LAWFUEL – Law News Network – A New Jersey couple who operated a $3 million “bust-out” scheme in the Koreatown section of Los Angeles have been sentenced to lengthy federal prison terms for their convictions on federal fraud charges.
Mi Suk Yi, 39, was sentenced this afternoon to 97 months in prison. At a hearing yesterday afternoon, Yi’s husband, Paul Amorello, 49, was sentenced to 135 months in prison.
Both defendants were sentenced by United States District Judge Christina A. Snyder, who ordered the defendants collectively to pay $3,768,906 in restitution to the banks who were defrauded. At Yi’s sentencing hearing today, Judge Snyder said, “The offenses were reprehensible, with numerous victims who suffered great losses.”
Yi and Amorello, both of Saddle River, New Jersey, operated a wide-ranging fraud scheme in which they defrauded multiple banks out of millions of dollars and then laundered more than $1.2 million of the funds. They eventually used the money to purchase two homes in New Jersey, both of which are in the process of being forfeited to the government. From April 2000 until December 2002, Yi and Amorello exploited loopholes in the banks’ credit line programs to obtain the money and then created fake identities to hide and launder the money.
At trial last year, a federal jury in Los Angeles convicted the defendants of conspiracy and 12 counts of bank fraud. Yi was also found guilty of furnishing false information to the Commissioner of Social Security and 11 counts of money laundering. Amorello was also found guilty of misusing a social security number, structuring a transaction to avoid the requirement that cash transactions of more than $10,000 be reported to the government and six counts of money laundering.
The bank fraud charges related to a scheme that cost Bank of America, Wells Fargo Bank and other major banks millions of dollars. Yi and Amorello manipulated business and home equity lines of credit extended by the banks. Yi and Amorello accessed the lines of credit, which had been obtained by others, and then paid down the balances with worthless, insufficient-funds checks. After paying down the balances, the defendants quickly drew cash from the line of credit accounts before the payment checks bounced. When the checks bounced, the balances on the lines of credit shot up over the maximum limits, resulting in losses to the banks.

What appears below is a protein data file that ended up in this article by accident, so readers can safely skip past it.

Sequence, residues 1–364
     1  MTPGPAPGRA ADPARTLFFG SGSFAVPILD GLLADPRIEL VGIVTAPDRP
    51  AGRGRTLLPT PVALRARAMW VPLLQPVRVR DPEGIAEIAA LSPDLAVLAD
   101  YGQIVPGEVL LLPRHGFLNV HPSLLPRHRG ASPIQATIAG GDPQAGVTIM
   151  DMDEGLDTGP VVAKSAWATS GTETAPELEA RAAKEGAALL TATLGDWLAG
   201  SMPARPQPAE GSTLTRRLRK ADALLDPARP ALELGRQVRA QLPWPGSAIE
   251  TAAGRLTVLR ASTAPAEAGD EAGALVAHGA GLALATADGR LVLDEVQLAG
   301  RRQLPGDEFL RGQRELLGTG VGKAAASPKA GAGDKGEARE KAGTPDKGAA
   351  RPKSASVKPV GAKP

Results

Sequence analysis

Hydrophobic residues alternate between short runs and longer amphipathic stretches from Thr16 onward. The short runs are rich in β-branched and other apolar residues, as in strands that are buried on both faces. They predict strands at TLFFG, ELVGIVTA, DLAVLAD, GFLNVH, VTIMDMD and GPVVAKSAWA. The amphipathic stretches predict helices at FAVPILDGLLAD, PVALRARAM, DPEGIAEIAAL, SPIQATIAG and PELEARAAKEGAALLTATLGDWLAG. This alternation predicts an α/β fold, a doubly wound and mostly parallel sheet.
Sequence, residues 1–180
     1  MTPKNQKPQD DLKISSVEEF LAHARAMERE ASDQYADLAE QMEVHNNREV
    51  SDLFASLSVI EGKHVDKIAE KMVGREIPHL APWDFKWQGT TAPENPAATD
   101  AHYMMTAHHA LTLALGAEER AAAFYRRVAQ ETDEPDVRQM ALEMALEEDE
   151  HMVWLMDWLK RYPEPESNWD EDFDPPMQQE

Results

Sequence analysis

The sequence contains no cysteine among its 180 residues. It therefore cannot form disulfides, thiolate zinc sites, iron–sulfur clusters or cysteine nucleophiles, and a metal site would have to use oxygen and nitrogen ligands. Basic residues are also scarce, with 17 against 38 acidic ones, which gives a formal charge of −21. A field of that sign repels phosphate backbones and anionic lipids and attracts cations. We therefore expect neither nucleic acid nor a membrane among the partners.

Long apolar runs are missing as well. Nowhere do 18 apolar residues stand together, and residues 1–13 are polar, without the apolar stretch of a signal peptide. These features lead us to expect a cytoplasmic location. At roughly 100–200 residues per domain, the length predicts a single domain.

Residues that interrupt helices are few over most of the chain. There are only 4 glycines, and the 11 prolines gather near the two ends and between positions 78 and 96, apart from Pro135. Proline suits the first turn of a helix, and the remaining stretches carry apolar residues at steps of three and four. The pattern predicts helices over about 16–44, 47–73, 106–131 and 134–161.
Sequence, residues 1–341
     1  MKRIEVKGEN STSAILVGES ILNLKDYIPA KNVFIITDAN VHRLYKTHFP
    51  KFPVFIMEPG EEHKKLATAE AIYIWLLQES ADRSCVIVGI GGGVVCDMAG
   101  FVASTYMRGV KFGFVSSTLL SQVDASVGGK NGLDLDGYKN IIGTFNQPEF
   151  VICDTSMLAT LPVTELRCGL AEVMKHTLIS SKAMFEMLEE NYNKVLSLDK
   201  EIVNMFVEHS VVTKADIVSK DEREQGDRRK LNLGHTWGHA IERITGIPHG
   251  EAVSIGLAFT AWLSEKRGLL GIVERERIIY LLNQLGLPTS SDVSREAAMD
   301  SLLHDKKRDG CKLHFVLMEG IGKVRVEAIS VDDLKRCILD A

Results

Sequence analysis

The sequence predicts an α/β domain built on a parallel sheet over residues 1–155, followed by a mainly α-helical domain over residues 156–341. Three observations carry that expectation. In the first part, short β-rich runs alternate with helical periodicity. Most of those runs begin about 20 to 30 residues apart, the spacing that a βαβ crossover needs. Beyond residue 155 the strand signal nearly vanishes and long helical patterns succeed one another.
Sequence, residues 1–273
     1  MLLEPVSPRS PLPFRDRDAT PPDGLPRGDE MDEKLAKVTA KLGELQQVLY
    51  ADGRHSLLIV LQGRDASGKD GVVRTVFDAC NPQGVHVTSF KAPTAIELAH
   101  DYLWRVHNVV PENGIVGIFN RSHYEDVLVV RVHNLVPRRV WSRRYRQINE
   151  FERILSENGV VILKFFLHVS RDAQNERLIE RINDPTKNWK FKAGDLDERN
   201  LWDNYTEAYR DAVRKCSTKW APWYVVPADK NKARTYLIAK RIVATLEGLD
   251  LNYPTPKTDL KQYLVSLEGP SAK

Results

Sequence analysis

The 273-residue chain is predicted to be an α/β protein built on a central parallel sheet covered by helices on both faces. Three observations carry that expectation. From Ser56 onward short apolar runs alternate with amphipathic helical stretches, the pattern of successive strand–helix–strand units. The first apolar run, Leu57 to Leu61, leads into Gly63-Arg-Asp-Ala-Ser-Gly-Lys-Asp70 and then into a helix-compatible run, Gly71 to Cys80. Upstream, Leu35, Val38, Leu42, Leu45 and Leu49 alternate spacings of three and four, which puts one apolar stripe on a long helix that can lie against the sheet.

Yi and Amorello drove from New Jersey to California to perpetrate the fraud, which was centered in the Koreatown section of Los Angeles. In April 2000, Yi obtained a Social Security number in a false identity by providing a false Korean passport and a false U.S. immigration document to a Social Security Administration office in Oxnard. Over the next two years, Yi and Amorello obtained false driver’s licenses from California and Arizona, using three false identities.
Yi and Amorello solicited Korean and Korean-American credit-holders by placing advertisements in local Korean-language newspapers. The ads claimed that Yi and Amorello could help people with a large amount of debt. In some cases, Yi and Amorello promised higher credit lines and then demanded fees from credit-holders. In other cases, Yi and Amorello obtained blank checks from people and used those checks to make payments on lines of credit held by others.
Yi and Amorello took most of the proceeds of the bust-out scheme and laundered them through bank accounts they had opened under the three false identities at numerous banks in Los Angeles and on the East Coast. In order to avoid detection, Yi and Amorello deposited the cash into these bank accounts in amounts less than $10,000. Ultimately, Yi and Amorello returned to their home state of New Jersey and bought two luxury homes with the cash. The total purchase price of both homes was almost $2 million, and Yi and Amorello put down more than $1.2 million of the fraud proceeds towards the homes.
Yi and Amorello were arrested in New Jersey on April 11, 2003, and they have been in custody ever since.
The investigation in this case was conducted by the United States Secret Service and the United States Postal Inspection Service.
CONTACT: Assistant United States Attorney Jeremy D. Matz
Assistant United States Attorney Matthew E. Sloan